Grants or Gifts Relating to Women in Higher Education

Here is this week’s news of grants and gifts that may be of particular interest to women in higher education.

Some 60 percent of new parents struggle to meet their breastfeeding goals, and an inadequate milk supply is the most frequent reason given for earlier-than-desired weaning. A team of breast cancer-breast milk researchers from the University of Massachusetts Amherst, UMass Chan Medical School-Baystate, and  University of New Mexico Health have received a five-year, $3.3 million grant from the National Institute of Child Health and Development that will be used to examine mammary gland permeability in breastfeeding parents. “The purpose of this research is to learn about factors that contribute to a new parent’s milk supply and how the milk supply affects the baby,” says co-lead investigator Kathleen Arcaro, professor of veterinary and animal sciences at the University of Massachusetts.

Wesleyan College, a liberal arts educational institution for women in Macon, Georgia, received a $1.75 million grant from the Lattie Pate Evans Foundation that will be used to upgrade the historic campus by improving residence halls and classrooms. The grant will allow the college to restore Banks Hall, a residence hall that has not housed students for eight years. It will also help fund upgrades to classrooms, the college’s dining hall, and improve lighting on the college’s 200-acre campus.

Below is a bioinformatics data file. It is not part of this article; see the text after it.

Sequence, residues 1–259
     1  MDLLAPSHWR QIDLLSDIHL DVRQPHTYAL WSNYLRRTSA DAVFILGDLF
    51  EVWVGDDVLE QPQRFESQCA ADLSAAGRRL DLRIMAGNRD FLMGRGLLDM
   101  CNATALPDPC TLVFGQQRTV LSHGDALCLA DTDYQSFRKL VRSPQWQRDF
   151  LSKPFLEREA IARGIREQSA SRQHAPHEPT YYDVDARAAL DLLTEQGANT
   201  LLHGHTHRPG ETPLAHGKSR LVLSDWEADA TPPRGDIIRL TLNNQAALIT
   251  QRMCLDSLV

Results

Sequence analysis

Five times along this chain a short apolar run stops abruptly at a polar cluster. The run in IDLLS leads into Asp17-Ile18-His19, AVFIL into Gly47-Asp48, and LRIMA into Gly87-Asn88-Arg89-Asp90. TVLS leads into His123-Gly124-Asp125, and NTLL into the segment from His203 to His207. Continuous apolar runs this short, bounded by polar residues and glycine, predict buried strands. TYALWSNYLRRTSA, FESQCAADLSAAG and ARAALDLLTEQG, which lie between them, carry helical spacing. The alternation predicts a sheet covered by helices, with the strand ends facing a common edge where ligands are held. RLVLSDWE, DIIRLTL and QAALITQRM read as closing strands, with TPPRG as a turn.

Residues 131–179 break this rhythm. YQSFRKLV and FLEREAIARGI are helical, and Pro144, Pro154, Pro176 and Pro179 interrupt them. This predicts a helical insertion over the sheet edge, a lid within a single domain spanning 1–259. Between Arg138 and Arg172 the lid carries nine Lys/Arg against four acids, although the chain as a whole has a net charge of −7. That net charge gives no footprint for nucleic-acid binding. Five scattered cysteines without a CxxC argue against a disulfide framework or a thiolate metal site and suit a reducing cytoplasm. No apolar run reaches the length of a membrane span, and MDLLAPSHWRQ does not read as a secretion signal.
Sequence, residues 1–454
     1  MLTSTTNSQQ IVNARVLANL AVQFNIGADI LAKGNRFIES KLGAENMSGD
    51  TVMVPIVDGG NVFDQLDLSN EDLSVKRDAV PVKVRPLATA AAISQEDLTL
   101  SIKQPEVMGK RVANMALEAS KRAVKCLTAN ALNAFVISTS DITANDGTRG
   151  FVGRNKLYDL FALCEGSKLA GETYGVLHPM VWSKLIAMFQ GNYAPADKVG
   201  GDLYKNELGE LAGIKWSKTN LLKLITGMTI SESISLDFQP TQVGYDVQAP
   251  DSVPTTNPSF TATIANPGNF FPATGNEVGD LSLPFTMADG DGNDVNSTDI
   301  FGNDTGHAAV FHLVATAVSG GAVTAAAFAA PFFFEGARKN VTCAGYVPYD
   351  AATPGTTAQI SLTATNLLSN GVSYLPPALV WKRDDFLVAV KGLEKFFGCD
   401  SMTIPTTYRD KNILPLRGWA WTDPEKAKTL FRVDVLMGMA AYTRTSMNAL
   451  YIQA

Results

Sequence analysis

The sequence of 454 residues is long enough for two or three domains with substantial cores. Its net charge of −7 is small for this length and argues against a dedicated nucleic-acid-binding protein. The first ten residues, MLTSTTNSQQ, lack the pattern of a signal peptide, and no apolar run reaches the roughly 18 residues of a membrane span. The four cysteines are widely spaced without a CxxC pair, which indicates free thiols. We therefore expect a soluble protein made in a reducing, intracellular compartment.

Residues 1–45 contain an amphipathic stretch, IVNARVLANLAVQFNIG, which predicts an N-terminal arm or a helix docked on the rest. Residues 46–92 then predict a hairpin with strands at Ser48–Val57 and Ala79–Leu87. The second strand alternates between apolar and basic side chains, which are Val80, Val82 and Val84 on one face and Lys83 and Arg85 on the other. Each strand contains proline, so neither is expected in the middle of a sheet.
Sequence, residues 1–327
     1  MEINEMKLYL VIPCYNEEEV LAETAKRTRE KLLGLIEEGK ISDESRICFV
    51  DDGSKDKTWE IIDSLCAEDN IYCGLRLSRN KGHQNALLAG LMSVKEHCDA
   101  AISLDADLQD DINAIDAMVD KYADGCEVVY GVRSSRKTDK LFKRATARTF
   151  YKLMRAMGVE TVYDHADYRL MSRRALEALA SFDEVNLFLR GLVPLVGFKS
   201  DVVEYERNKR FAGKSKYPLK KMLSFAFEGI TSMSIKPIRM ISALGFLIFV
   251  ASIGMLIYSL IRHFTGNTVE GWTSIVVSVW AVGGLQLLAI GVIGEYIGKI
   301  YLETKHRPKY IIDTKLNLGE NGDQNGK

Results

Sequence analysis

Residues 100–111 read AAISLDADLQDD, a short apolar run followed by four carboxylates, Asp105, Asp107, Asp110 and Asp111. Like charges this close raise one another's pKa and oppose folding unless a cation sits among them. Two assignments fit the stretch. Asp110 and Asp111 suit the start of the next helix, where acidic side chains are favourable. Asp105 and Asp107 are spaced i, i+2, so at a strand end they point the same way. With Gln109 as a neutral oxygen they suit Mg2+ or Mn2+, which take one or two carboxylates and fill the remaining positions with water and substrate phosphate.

The University of South Dakota School of Health Sciences has received a grant in the amount of $299,000 from the Office of Research on Women’s Health and the National Institute of General Medical Sciences for a project entitled “Effects of Unexpected Intrapartum Pelvic Trauma on Physical and Mental Health, Child Bonding, and Family Functioning.” The project aims to understand the differences in physical health, mental well-being, mother-child bonding, family functioning, and trauma experiences between women who have experienced intrapartum pelvic floor muscle trauma and those who have not.

The National Science Foundation has issued a grant to researchers at the University of California, Los Angeles and the University of California, Davis to assess and improve how and where the University of California System supports women of color in the geosciences. The three-year grant will allow the team to initiate the WinG Collective, a network that will provide community, belonging, access, advocacy, and resources to overcome barriers to their success. The Collective will focus first on conducting surveys and hearing about the past and present experiences of women of color in the geosciences field throughout the University of California system, including finding out what kind of mentorship, support, and training they need to fill gaps and address needs.

Filed Under: Grants


RSSComments (0)

Leave a Reply